What is a Granny Flat Arrangement (GFR)
Granny flat rights are usually informal family arrangements where a client transfers money, assets or the title of his/her home to a family member (or other person) and in exchange, receives either the right to accommodation for life or a lifetime interest in private accommodation owned by someone else. The client does not have any legal ownership of the property that they live in.
Home care services can be accessed by a person living in a granny flat arrangement.
Establishing granny flats
A granny flat right can be created in the following ways:
- A client transfers or provides funds to another person in exchange for the right to live in that person’s existing home.
- A client transfers or provides funds to another person to pay for expenses to modify that person’s home or to build a stand-alone granny flat to accommodate the client in exchange for a lifetime right to live there.
- A client pays for the person to purchase a new home and the client also moves into this home with the right to permanent accommodation.
- A client transfers title of their home to another person and receives a lifetime right to continue living in that home (the other person and their family may or may not also move in with the client).
Normally a transfer of money and/or assets would be assessed by Centrelink / DVA under gifting and deprivation rules but special rules apply where a legitimate granny flat right has been established. Special rules also apply to determine whether the client is a homeowner or non-homeowner for assets test purposes because it is not as straightforward as looking at the ownership of the home.
If the client only transfers part of the title to another person, a granny flat right has not been established. This is because the person still has legal title to the property. The transfer will be assessed under normal gifting rules and the client remains a homeowner with his/her share of the home an exempt asset.
Centrelink treatment of granny flats
A granny flat right can be created by transferring either money or property to another person in exchange for a right to live in a home owned by that other person.
Centrelink/Veterans’ Affairs (DVA) need to know the amount a person transfers to the other person in exchange for a granny flat right or interest. This will have implications for entitlements to a means-tested payment as well as aged care fees.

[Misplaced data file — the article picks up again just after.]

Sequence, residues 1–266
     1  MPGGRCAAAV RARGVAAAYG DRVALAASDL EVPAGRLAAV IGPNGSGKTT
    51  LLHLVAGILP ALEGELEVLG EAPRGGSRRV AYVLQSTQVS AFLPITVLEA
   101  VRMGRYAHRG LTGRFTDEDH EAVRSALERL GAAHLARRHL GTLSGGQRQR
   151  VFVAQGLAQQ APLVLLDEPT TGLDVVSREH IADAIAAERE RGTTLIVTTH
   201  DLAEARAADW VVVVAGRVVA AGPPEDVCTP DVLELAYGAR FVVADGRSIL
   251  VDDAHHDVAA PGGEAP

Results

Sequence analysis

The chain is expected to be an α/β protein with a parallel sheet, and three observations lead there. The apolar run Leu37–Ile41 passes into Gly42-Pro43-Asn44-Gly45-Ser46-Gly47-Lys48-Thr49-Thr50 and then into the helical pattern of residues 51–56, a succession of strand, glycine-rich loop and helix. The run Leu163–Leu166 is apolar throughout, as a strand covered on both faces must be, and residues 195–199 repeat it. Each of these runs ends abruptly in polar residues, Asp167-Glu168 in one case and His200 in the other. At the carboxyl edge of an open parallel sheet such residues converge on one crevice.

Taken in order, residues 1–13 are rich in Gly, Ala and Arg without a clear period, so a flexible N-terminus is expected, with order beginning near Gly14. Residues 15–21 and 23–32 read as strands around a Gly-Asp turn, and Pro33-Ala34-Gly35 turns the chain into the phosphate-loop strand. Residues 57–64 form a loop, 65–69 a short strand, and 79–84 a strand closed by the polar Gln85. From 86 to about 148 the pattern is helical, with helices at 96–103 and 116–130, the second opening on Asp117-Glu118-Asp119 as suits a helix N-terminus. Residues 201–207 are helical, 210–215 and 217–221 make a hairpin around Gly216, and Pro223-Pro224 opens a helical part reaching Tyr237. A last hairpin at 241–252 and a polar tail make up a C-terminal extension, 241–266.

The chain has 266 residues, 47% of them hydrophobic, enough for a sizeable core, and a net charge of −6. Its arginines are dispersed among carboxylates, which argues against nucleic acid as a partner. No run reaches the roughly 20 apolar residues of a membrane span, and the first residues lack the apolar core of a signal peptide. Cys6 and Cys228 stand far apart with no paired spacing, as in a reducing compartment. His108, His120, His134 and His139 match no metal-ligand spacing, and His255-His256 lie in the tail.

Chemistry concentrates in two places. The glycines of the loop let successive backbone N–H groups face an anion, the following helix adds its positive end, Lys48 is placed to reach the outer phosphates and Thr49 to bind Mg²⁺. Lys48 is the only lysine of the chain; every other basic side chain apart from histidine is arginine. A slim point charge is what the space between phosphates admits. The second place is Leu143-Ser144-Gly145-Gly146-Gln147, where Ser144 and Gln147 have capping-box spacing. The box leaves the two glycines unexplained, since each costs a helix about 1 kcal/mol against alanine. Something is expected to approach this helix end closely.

Centrelink/DVA uses this amount to work out:
- If the person deprived themselves of assets by paying too much, and
- Whether the person is a home owner or a non-home owner.
These are done as two separate tests, but combine together to determine the overall impact for the client.
A note on deprivation
No deprivation will occur if a person creates a granny flat right in one of the following ways:
- Transfer the title of their home to someone else for no cost and keep a lifetime right to live in that home or in another home owned by that person, or
- Pay the actual costs to renovate or build a granny flat on someone else’s property and establish a lifetime right to live there, or
- Purchase a property in someone else’s name and establish a lifetime right to reside there
In other words, there is no deprivation if home ownership is transferred as long as the person receives a lifetime right to live in the home, or if the amount paid (entry contribution) equals the expenses paid to provide the accommodation.
A note on homeownership
The actual amount paid by the person for a granny flat right is important when determining whether the person continues to be a homeowner or not.
The following table summarises the assessment by Centrelink/DVA for pension/allowance purposes.
|Amount of entry contribution paid is …||Homeowner status||Asset test treatment of entry contribution||Rent assistance|
|Less than or equal to the extra allowable amount^||Non-homeowner||Assessable asset||May be payable*|
|More than the extra allowable amount^||Homeowner||Exempt asset||Not eligible|
^ The extra allowable amount is the difference between the lower thresholds for a homeowner and a non-homeowner.
* Rent assistance is payable if the person pays rent above the minimum required to be eligible for this benefit.
Adam in the above example paid $140,000 to his daughter to cover her expenses. This was not considered to be a deprived asset. But for homeowner status purposes, the amount paid was less than $214,500 (difference between homeowner and non-homeowner thresholds) so he is assessed as a non-homeowner.
All parties involved in the granny flat right should obtain legal advice. This ensures that a formal agreement is reached and all parties protect their rights.
Before a Granny Flat arrangement is entered into, the parties need to consider such things as:
- What happens if a party changes their mind?
- How/can it be unwound? At what/whose cost?
- What happens if granny needs to go to Aged Care, because her needs become beyond the capacity of the child to assist with?
- Who pays rates, insurance, electricity, maintenance, and other outgoings?
- What if the child becomes sick, or has to move away, dies, or separates?
- What happens if the property is to be sold – does the granny flat interest pass to the new property?
- Is the payment treated as a debt, which is eroded over time, or a percentage of the value of the property, which increases over time?
- Is there a fee (offset against the contribution) for the care assistance, and living accommodation the flat provides?
- What do the other children say, if their hoped for inheritance is effectively (partially or wholly) passed on to one child only?
Expert Legal Advice is essential
The key rule – PUT THE AGREEMENT IN WRITING!
We can advise you on the financial implications and get one of our trusted Solicitors to advise you on the legals
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